Netflix has thrown it’s hat into the cooking competition world and the results were mixed, but the overall message is still very intriguing. Once upon a time when Iron Chef America showed up on Food Network the original chefs were all full fledged cooking studs. Their food was unique and their presentation was unlike anyone else in the world. That was a long time ago, however, and now the networks results are mixed at best. Food Network has had a monopoly on televised food culture for a long time now, but Comedy Central had that for stand up comedy at one point and when is the last time you checked out a new special on that channel?
Bobby Flay and Gordon Ramsay are the two most well known celebrity chefs, but there is a distinct difference between the two. Bobby Flay is a TV personality at this point and Gordon Ramsay is a TV personality with a shit load of Michelin Stars to his name and someone who doesn’t feel the need to compete himself. He’s relevant in the food industry right now and that is something that is missing from Food Network.
All of these things were in my mind as I watched The Final Table and had the thought of “could a celebrity chef hang in this competition”. The Final Table itself is an interesting version of a cooking competition and much more interesting than the normal version of Chopped or Beat Bobby Flay that you see on the air now. Each episode travels to a different part of the globe and forces the team of paired chefs to serve a signature dish from that part of the world and it is judged by 2 celebrities and a food writer. The teams that serve the dish that end up in the bottom 3 have to cook again immediately to try to remain in the competition. A decorated/important chef from that area is introduced and a secret ingredient must be used for the final dish. That dish is judged by the guest chef and the worst dish is kicked off of the show.
The part that is most interesting is that the chefs competing aren’t home cooks or ex-con’s or someone’s grandmother. These chefs have current successful restaurants and there are several Michelin stars and James Beard award winners here to win. Hence the question “could a celebrity chef hang in this competition”. If you are looking for name recognition, then who would you get to fill out a cast of chefs to compete? Does anyone want to see something more than Flay vs Ramsay, which has been rumored for years now? The problem is, I don’t know that celebrity chefs is what should fill out the dream scenario of cooking competitions here, but rather a mix of celeb chefs and real life chefs with skins on the wall to see what the celebs are made of. Either way, that’s been unable to happen to this point because of competing networks.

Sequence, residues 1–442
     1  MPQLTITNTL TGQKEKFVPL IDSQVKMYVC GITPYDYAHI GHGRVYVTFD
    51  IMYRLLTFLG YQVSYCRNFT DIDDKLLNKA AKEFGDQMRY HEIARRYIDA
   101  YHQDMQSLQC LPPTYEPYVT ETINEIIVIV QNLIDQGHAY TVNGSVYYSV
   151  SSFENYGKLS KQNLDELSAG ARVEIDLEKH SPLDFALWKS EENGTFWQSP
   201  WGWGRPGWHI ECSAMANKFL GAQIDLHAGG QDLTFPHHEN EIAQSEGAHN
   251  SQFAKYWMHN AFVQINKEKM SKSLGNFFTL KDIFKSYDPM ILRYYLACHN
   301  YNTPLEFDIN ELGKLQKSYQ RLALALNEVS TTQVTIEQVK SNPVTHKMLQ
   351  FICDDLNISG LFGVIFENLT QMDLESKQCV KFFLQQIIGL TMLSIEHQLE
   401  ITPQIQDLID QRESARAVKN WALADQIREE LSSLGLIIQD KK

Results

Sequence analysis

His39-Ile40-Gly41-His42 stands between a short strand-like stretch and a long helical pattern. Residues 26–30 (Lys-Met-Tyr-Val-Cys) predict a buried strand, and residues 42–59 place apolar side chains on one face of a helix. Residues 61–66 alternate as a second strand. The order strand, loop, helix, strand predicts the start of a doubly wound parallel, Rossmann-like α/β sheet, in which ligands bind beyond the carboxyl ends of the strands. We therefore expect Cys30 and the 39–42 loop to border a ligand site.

If anyone has the money and power to make this happen, it’s definitely Netflix, which leads me back to my original point. If Netflix has decided to take over the game from Food Network, then I’m not sure there is anything that could be done about it. They now dominate stand up comedy by flooding the market and making sure that nobody is going to Comedy Central. HBO still gets some big names because they are HBO, but Netflix has all of the top names and it’s not close. If they decide that food is next on their list, then what can Food Network do about that? Chopped is probably it’s signature show and Bobby Flay its signature personality, but how hard would it be to take that over. If The Great British Baking Show and Final Table is any indicator, then Netflix could clean house when contracts come up and just pump out food competition series of 8 episodes and take over the game.
This is a real shift for Netflix and their ability to move on and destroy niche programming like comedy and cooking is a real thing and more could certainly be coming. Does this lead to them opening the checkbook like they did with Rock and Seinfeld and Chappelle to get big name celebrity chefs? If that happens, then where do we go from there? I’m not sure, but the writing is on the wall and you can bet executives at Food Network have to be trembling in their aprons.
Stephen Balding is the founder of Cinema Soapbox. You can reach him at email@example.com